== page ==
and God himself shall be with them, (and be) their God. And God shall wipe away all tears from their eyes ; and there shall be no more death, neither sorrow, nor crying, neither shall there be any more

pain; for the former things have passed


καὶ ἤκουσα φωνῆς μεγάλης ἐκ τοῦ οὐρα νοῦ λεγούσης· ἰδού, ἡ σκηνὴ τοῦ θεοῦ μετὰ τῶν ἀνθρώπων, καὶ σκηνώσει μετ ̓ αὐτῶν, καὶ αὐτοὶ λαοὶ αὐτοῦ ἔσονται, καὶ αὐτὸς ὁ θεὸς μετ ̓ αὐτῶν ἔσται, θεὸς αὐτῶν· καὶ ἐξαλείψει ὁ θεὸς πᾶν δάκρυον ἀπὸ τῶν ὀφθαλμῶν αὐτῶν, καὶ ὁ θάνατος οὐκ ἔσται οὐκ ἔσται ἔτι· ὅτι τὰ πρῶτα ἀπῆλθον. ἔτι, οὔτε πένθος οὔτε κραυγὴ οὔτε πόνος


§ 468. And I heard a great voice,' &c.-This voice is out of the new heaven, for the old had passed away: a great voice, a powerful development from the new view of divine revelation.

'Behold, the tabernacle of God,' &c.-When the apostle Peter in vision saw a certain vessel as a great sheet let down from heaven, there came a voice, saying, Rise, Peter, kill and eat. The voice referred to the vessel let down; so we suppose here, the new Jerusalem is seen coming down from heaven, and at the same moment a voice is heard, saying, Behold, the tabernacle, &c. God is now about to dwell with his people: behold the tabernacle he has prepared for that purpose-the New Jerusa lem. The covenant of grace, sometimes spoken of as the holy city, is the tabernacle, tent, or shelter, which God has provided for his people; the tent which he pitches over them, as we have formerly contemplated the figure, (181;) a figure equivalent to that of the overshadowing of wings, employed Ps. xvii. 8, xxxvi. 7, and elsewhere. The tabernacle of God, and the city of God, (the new Jerusalem adorned as a bride,) are identic ; different figures of the same means of redemption, of the same testamentary

arrangement, (diana,) by which the righteousness of God is (in Christ) made to the disciple a shelter from the wrath to come. To see this plan of redemption fully developed, is, accordingly, to see the tabernacle of God with men.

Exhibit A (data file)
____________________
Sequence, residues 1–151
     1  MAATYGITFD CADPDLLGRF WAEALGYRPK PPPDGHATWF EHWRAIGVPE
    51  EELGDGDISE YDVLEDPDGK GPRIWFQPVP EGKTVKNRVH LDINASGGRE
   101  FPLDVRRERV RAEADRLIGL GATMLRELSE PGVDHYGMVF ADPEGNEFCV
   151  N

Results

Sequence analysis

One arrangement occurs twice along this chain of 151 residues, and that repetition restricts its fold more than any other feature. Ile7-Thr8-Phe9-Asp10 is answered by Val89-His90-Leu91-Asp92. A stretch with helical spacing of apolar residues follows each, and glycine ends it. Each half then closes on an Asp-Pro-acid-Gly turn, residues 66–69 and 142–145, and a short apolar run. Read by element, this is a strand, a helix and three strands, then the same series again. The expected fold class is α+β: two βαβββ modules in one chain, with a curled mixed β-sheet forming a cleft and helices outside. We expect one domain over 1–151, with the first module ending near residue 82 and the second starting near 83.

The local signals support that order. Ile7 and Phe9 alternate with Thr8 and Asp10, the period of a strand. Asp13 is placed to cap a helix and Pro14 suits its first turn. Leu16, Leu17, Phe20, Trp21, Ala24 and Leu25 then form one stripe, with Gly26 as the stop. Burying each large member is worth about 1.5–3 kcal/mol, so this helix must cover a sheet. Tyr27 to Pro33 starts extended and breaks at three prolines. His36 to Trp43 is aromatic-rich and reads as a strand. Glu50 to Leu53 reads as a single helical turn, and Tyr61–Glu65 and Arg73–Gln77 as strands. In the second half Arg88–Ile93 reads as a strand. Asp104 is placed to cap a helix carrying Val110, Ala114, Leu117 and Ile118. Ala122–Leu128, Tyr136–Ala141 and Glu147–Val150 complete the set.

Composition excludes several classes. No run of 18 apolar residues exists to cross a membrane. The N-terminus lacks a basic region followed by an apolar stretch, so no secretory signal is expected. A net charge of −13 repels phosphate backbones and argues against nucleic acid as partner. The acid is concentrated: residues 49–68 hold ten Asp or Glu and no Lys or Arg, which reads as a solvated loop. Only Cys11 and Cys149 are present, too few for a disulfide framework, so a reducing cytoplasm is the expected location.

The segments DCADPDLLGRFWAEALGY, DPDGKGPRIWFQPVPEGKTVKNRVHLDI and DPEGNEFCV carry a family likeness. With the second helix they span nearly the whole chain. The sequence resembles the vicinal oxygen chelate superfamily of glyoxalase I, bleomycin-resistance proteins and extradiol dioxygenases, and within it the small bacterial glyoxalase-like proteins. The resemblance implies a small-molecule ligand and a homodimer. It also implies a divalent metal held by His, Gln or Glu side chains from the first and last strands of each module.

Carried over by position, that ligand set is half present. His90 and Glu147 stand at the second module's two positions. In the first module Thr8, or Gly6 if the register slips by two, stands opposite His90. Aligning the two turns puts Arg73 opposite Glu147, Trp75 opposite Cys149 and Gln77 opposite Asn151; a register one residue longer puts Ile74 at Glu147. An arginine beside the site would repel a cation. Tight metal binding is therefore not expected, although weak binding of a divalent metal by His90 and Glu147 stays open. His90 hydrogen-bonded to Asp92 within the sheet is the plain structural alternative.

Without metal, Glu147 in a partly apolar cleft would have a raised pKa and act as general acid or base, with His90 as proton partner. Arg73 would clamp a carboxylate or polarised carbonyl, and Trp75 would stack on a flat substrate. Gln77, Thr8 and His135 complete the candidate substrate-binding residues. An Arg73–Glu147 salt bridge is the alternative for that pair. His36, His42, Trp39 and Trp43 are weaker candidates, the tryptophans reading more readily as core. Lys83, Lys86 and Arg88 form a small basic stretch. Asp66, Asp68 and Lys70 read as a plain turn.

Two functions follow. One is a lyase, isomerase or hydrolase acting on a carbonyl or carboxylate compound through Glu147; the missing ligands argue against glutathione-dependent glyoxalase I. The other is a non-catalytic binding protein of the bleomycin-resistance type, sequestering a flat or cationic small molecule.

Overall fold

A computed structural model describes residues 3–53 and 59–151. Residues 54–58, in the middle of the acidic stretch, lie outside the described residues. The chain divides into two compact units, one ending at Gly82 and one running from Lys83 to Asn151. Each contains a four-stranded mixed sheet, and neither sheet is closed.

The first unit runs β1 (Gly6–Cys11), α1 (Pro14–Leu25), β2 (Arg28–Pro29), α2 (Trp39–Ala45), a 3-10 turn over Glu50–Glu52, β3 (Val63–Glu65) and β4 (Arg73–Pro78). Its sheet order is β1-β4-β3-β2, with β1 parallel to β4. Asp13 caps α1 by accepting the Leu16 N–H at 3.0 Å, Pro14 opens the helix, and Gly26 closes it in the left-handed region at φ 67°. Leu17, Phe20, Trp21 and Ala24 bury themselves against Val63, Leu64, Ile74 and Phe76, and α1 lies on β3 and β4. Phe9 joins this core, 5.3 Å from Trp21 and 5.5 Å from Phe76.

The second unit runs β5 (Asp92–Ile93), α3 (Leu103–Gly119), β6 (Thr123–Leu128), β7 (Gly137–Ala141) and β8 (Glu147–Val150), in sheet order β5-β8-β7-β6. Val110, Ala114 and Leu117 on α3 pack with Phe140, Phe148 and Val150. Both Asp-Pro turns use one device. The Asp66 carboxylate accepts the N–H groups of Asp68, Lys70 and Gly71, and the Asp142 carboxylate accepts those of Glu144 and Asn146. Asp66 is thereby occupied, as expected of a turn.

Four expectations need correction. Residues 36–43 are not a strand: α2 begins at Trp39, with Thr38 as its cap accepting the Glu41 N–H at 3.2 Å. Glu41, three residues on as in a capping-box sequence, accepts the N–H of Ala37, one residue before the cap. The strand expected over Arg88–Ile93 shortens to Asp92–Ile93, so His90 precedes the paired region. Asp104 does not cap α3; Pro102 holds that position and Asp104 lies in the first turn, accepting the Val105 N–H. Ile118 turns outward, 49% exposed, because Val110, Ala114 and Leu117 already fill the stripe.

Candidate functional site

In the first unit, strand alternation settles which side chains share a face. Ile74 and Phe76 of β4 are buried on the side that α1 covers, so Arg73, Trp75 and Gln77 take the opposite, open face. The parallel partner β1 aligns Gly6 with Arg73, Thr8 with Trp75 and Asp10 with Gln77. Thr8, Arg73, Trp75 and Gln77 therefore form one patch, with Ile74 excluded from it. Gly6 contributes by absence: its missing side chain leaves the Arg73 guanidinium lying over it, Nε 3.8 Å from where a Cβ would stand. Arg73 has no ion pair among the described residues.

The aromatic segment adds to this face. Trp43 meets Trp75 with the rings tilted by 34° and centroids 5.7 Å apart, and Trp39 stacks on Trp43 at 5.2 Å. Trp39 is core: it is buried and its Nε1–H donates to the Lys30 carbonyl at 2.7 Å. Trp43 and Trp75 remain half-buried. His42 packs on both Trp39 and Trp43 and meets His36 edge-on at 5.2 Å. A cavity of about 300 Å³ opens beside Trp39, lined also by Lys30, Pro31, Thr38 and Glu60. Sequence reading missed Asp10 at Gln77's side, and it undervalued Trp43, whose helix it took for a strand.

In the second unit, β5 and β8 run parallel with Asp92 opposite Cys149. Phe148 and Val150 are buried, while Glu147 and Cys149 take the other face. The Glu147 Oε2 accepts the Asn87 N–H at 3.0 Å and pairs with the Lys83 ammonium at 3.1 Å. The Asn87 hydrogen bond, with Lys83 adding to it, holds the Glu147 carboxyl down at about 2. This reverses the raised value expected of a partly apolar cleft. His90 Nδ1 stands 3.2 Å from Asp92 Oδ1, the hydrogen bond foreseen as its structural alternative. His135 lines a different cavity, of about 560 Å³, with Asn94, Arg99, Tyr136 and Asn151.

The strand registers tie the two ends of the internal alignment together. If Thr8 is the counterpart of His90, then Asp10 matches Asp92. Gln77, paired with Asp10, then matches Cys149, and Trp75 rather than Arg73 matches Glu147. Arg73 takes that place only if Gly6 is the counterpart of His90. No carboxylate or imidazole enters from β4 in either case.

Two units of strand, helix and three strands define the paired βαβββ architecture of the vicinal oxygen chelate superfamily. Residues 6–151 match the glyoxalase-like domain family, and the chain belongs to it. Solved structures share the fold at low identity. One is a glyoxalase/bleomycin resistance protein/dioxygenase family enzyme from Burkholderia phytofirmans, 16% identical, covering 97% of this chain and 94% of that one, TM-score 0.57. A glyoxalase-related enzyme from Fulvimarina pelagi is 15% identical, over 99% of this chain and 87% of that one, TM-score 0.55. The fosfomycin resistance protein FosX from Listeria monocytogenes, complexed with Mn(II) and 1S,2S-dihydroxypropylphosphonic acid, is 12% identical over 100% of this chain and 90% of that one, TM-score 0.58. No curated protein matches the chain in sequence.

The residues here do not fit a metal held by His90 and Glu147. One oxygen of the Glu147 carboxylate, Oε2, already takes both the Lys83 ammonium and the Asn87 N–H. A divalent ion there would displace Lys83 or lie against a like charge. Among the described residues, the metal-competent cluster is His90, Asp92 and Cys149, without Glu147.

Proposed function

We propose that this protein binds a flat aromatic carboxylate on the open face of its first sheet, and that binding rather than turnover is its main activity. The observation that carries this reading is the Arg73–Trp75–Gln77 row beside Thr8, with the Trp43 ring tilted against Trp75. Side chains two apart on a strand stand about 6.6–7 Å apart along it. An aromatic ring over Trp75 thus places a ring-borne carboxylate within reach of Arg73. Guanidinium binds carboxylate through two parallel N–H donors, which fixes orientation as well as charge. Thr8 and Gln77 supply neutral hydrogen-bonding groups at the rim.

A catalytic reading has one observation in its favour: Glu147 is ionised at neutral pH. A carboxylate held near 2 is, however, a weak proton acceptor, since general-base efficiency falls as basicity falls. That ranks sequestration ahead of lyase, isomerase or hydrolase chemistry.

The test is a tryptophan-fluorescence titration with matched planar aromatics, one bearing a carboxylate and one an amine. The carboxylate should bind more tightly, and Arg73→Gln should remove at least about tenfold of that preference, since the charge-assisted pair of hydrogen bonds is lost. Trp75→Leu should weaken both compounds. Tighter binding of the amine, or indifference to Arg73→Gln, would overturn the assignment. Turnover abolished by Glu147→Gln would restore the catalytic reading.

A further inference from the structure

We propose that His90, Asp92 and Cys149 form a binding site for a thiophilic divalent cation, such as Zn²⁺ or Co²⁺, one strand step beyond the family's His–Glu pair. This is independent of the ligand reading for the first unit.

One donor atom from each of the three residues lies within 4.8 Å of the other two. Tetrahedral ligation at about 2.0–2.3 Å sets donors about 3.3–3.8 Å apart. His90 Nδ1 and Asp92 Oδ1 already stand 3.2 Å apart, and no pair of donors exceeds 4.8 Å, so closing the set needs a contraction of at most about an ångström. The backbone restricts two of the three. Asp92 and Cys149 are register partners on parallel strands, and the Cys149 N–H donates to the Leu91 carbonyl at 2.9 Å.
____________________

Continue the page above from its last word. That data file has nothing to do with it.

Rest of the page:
And he will dwell with them,' &c.; or, as the Greek ozmoos strictly signifies, He shall tabernacle or pitch his tent with them.-The figure is essentially Arabian; as if a tribe of wandering Arabs, without a leader and without a protector, were exposed to some imminent danger, and on this account, just at the moment when they were about being scattered by flying before their enemies, a powerful neighbouring chief were to adopt their cause as his own, to identify himself with them, and as a pledge of his good faith and determination to protect them, to pitch his tent among them; he becoming their leader, and they his subjects. So, in a spiritual sense, when the taber nacle of God—the economy of grace-is revealed, he will be seen to have come forth for the protection of his people, making their cause his own, pitching his tent amongst them, and identifying himself with them-He as their God and they as his people.


This identity, as we conceive, is the prominent idea to be associated with the description; corresponding with the petition of the Son of God himself, (John xvii. 21, 23,) "That they all may be one; as thou, Father, art in me, and I in thee, that they also may be one in us.' "I in them, and thou in me, that they may be made perfect in one." Not that the use of the figure here militates with that referred to Rev. vii. 15, but that different features of the same arrangement are indicated by the changes of expression. The tent pitched over the objects of protection directs our attention to the shelter of divine righteousness; while the tent pitched among or with the same objects, points to the feature of identity by adoption, (Gal. iv. 4, 5, and Eph. iv. 5, 6.) So the advantages of the disciple's position by adoption are illustrated by two different figures, Ps. xv. 1: "Lord, who shall abide in thy tabernacle? who shall dwell in thy holy hill ?" The position on the hill is equivalent, as a protection, to the shelter of the tabernacle. So we find likewise, by Ps. xxvii. 5, the position upon a rock, and the secrecy of the inmost recess of a tabernacle, to be illustrations of the same state of security: "In the time of trouble, (when the requisitions of divine justice call for the punishment of the sinner,) he (God) shall hide me in his pavilion in the secret of his tabernacle shall he hide me, he shall set me up upon a rock."